THIS WEEKEND at Cinefamily: Los Angeles Plays Itself
THIS IS my old neighborhood. Literally a stone’s throw away our old house and long-ago routines.
It was a deep-dose of nostalgia to sit on a patio beneath a canopy of green to conduct interviews and see the high-rise office building where my mother would take us for our pediatrician appointments. We shopped steps away in the now-vanished Santa Barbara Plaza and the old Crenshaw mall. It’s encouraging to see the shifts and additions as well as the fact that two savvy restauranteurs have decided to set down roots here.
“The space serves as a touchstone for Angelenos who have grown up in one of these contiguous neighborhoods and may want to travel back, not just to a physical place, but to a time. “There’s a reason why this is a neighborhood,” Brad Johnson reflects. “So many did stay rooted here emotionally, even after they moved away.” from my profile on Brad Johnson and Govind Armstrong and their restaurant Post & Beam now up at at KCET DEPARTURES.
Photo byTeresa A. Mendoza via KCET Departures
I CAN’T express how happy I am to finally hear that Los Angeles Plays itself, Thom Anderson’s inclusive all over the map — literally– look at L.A. on film will finally be available for purchase this Fall.
from Alissa Walker’s post on Gizmodo:
If you haven’t seen it before, Los Angeles Plays Itself is innately entertaining as a cinematic experiment, even to the Angeleno-agnostic. Narrated with Andersen’s own commentary, the documentary features over 200 clips from films about Los Angeles, examining everything from the stereotypes surrounding the city’s automobile culture to an oft-repeated thesis that villains live in modernist houses (below). In short, it’s probably the most important media study ever conducted on the city—maybe any city!—and no one has been able to see it.
When I was teaching my “Telling L.A.’s Story” course, I used the film as a sort of red carpet into a Los Angeles my students hadn’t seen. My hope too was that it would at the same time get them thinking a differently about the city they traversed and interacted with daily. City as set. City as City. Each semester though, I had to hunt around for links because they would often be removed — only to be replaced by others. It will be great to have this sprawling moving canvass at the ready.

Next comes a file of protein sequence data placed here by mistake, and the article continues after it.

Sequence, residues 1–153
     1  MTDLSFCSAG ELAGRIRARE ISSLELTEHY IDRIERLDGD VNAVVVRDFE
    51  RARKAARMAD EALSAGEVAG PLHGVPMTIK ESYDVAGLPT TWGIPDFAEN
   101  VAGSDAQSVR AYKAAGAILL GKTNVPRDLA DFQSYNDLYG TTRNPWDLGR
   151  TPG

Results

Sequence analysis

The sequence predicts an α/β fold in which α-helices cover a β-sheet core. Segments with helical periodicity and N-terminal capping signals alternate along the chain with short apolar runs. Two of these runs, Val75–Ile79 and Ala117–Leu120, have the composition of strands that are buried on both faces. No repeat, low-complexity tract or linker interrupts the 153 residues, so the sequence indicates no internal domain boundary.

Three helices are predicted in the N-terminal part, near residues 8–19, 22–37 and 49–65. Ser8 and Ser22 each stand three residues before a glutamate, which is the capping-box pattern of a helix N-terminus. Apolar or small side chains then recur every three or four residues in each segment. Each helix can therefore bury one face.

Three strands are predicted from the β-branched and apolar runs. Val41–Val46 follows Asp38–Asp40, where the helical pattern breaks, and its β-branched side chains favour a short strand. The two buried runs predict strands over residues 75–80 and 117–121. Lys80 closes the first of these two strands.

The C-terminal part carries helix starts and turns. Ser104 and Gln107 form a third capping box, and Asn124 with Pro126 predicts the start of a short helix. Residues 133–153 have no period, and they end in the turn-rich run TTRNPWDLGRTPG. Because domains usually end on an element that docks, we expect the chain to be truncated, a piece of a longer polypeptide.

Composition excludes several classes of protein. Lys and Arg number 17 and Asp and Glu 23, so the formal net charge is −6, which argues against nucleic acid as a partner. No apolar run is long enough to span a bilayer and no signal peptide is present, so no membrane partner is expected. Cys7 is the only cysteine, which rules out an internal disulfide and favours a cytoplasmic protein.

I feel a series of “Plays Itself” viewing parties in our near future…
INSPIRING DAY at the Tales of Two Cities conference at the Central Library downtown. I was on a panel titled “Exiles & Place” with Lisa See, Naomi Hirahara and Hector Tobar. Moderated by Brighde Mullin, the panel was tasked with sorting out the idea of place in a city that constantly shape-shifts and whose “story” often is overshadowed by outsiders’ notions of it.
Great side-chats and vivid anecdotes collected in the common areas with rooms full of L.A. lovers. Wrapping it up, the big group took a quick walk over to the Oviatt and swooped up to the penthouse for an elegant indoor/outdoor after-party.
The above photo, a scene from the roof, was about as dreamscape-L.A. as it gets.
Thanks all for a great day.
THE LAST couple of months have been a crush of trying to make it to the finish line on several projects, but I took a little time out to check out the Esouteric’s Raymond Chandler tour.
Esotouric does a number of L.A. historical/cultural off-the-beaten track explorations of L.A. — you can check them out here. Our four-hour tour in a big fancy air-cooled bus (this seems to be a theme of mine of late — to be a tourist in my own town) was led authoritatively by Kim Cooper and Richard Schave. Deeply researched, it wound us along Chandler’s meandering trail through Los Angeles — downtown and Hollywood — with both historical and literary context provided — even some clips from Chandler-inspired films.
We made stops at the lavish Oviatt building, the Barclay Hotel in the heart of downtown’s historic core, then snaked into Hollywood past Paramount Studios, the Crossroads of the World and then wound back to the industrial district where we’d met up.
Coming at the city from all of these different angles shifts the perspective, allows you to both see L.A. from the inside out and arms you with a ready come-back for those who want to tell you that L.A. has no history. Often the problem, we Angelenos know, is that people just don’t know where to look when they are out to chase ghosts.
Esoutouric seems to know where the best ones are hidden.
I HADN’T had a chance to actually walk through Echo Park since it’s grand renovation. Part of it was trepidation. But Sunday last, I decided to make it my morning walk. It was still, to my happy surprise, filled with the old neighborhood dwellers taking a turn around the water — walking, jogging, gossiping. I feared the worst as so much else has changed — at least my old street that has condos growing out of a lot which used to host an old,decaying Victorian that was eventually removed and transported just across Sunset (we were told) to Angelino Heights.
For the most part, the changes are subtle and tasteful. It was a pleasant turn in the early sun. I was there so early that I wasn’t able to really see the boathouse and the new coffee space in action, but I was quite happy to see that Queen of the Angels (AKA “Lady of the Lake”) statue has been restored to the grounds and now stands on the north end of the park, her back to the skyline, but her face to the neighborhood.